IDEAS home Printed from https://ideas.repec.org/a/spr/empeco/v41y2011i3p725-737.html
   My bibliography  Save this article

Cyclicality of fiscal policy and the shadow economy

Author

Listed:
  • Deniz Çiçek

    ()

  • Ceyhun Elgin

    ()

Abstract

No abstract is available for this item.

Suggested Citation

  • Deniz Çiçek & Ceyhun Elgin, 2011. "Cyclicality of fiscal policy and the shadow economy," Empirical Economics, Springer, vol. 41(3), pages 725-737, December.
  • Handle: RePEc:spr:empeco:v:41:y:2011:i:3:p:725-737
    DOI: 10.1007/s00181-010-0409-0
    as

    Download full text from publisher

    File URL: http://hdl.handle.net/10.1007/s00181-010-0409-0
    Download Restriction: Access to full text is restricted to subscribers.
    ---><---

    As the access to this document is restricted, you may want to look for a different version below or search for a different version of it.

    Other versions of this item:

    References listed on IDEAS

    as
    1. Alberto Alesina & Filipe R. Campante & Guido Tabellini, 2008. "Why is Fiscal Policy Often Procyclical?," Journal of the European Economic Association, MIT Press, vol. 6(5), pages 1006-1036, September.
    2. Graciela L. Kaminsky & Carmen M. Reinhart & Carlos A. Végh, 2005. "When It Rains, It Pours: Procyclical Capital Flows and Macroeconomic Policies," NBER Chapters, in: NBER Macroeconomics Annual 2004, Volume 19, pages 11-82, National Bureau of Economic Research, Inc.
    3. Barseghyan, Levon & Battaglini, Marco & Coate, Stephen, 2013. "Fiscal policy over the real business cycle: A positive theory," Journal of Economic Theory, Elsevier, vol. 148(6), pages 2223-2265.
    4. La Porta, Rafael & Lopez-de-Silanes, Florencio & Shleifer, Andrei & Vishny, Robert, 1999. "The Quality of Government," Journal of Law, Economics, and Organization, Oxford University Press, vol. 15(1), pages 222-279, April.
    5. Talvi, Ernesto & Vegh, Carlos A., 2005. "Tax base variability and procyclical fiscal policy in developing countries," Journal of Development Economics, Elsevier, vol. 78(1), pages 156-190, October.
    6. Lucas, Robert Jr. & Stokey, Nancy L., 1983. "Optimal fiscal and monetary policy in an economy without capital," Journal of Monetary Economics, Elsevier, vol. 12(1), pages 55-93.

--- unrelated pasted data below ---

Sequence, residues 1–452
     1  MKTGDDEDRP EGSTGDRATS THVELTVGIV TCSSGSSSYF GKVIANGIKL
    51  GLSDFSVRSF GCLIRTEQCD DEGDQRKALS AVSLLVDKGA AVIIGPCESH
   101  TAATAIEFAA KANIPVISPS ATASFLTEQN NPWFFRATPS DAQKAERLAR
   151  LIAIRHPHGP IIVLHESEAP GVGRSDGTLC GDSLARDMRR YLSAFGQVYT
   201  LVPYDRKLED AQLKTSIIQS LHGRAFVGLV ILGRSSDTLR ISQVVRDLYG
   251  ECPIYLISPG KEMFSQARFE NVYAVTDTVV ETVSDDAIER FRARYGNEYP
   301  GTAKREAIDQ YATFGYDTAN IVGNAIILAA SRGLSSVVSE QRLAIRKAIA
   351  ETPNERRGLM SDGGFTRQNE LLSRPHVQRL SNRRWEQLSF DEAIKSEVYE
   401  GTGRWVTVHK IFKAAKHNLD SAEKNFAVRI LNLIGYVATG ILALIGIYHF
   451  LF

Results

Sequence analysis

7. Lane, Philip R., 2003. "The cyclical behaviour of fiscal policy: evidence from the OECD," Journal of Public Economics, Elsevier, vol. 87(12), pages 2661-2675, December.
    8. Robert E. Hall & Charles I. Jones, 1999. "Why do Some Countries Produce So Much More Output Per Worker than Others?," The Quarterly Journal of Economics, Oxford University Press, vol. 114(1), pages 83-116.
    9. Johnson, Simon & Kaufmann, Daniel & Zoido-Lobaton, Pablo, 1998. "Regulatory Discretion and the Unofficial Economy," American Economic Review, American Economic Association, vol. 88(2), pages 387-392, May.
    10. repec:hrv:faseco:34729976 is not listed on IDEAS
    11. Friedrich Schneider & Andreas Buehn & Claudio E. Montenegro, 2011. "Shadow Economies All Over the World: New Estimates for 162 Countries from 1999 to 2007," Chapters, in: Friedrich Schneider (ed.), Handbook on the Shadow Economy, chapter 1, Edward Elgar Publishing.
    12. Ramón E. López & Vinod Thomas & Yan Wang, 2008. "The Quality of Growth," World Bank Publications, The World Bank, number 28198, June.
    13. Daniel Lederman & Norman V. Loayza & Rodrigo R. Soares, 2005. "Accountability And Corruption: Political Institutions Matter," Economics and Politics, Wiley Blackwell, vol. 17, pages 1-35, March.
    14. Ilzetzki, Ethan, 2011. "Rent-seeking distortions and fiscal procyclicality," Journal of Development Economics, Elsevier, vol. 96(1), pages 30-46, September.
    15. repec:hrv:faseco:30747160 is not listed on IDEAS
    16. Ihrig, Jane & Moe, Karine S., 2004. "Lurking in the shadows: the informal sector and government policy," Journal of Development Economics, Elsevier, vol. 73(2), pages 541-557, April.
    Full references (including those not matched with items on IDEAS)

    Citations

    Citations are extracted by the CitEc Project, subscribe to its RSS feed for this item.
    as


    Cited by:

    1. Ceyhun Elgin, 2012. "Cyclicality of the Informal Economy," Working Papers 2012/02, Bogazici University, Department of Economics.
    2. Garcia, D & Granda, C, 2019. "Informalidad, ciclos económicos y política fiscal: una exploración de los nexos," Documentos de trabajo - Alianza EFI 018984, Alianza EFI.
    3. Abdel-Latif, Hany & Ouattara, Bazoumana & Murphy, Phil, 2017. "Catching the mirage: The shadow impact of financial crises," The Quarterly Review of Economics and Finance, Elsevier, vol. 65(C), pages 61-70.